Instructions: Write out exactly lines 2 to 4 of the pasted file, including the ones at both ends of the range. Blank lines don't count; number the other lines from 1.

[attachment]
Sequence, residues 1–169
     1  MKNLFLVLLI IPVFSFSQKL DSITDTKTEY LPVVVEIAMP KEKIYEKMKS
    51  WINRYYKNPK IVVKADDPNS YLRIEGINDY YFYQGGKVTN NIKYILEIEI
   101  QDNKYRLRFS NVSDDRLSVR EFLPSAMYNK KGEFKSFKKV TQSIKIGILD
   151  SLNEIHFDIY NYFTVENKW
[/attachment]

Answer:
     1  MKNLFLVLLI IPVFSFSQKL DSITDTKTEY LPVVVEIAMP KEKIYEKMKS
    51  WINRYYKNPK IVVKADDPNS YLRIEGINDY YFYQGGKVTN NIKYILEIEI
   101  QDNKYRLRFS NVSDDRLSVR EFLPSAMYNK KGEFKSFKKV TQSIKIGILD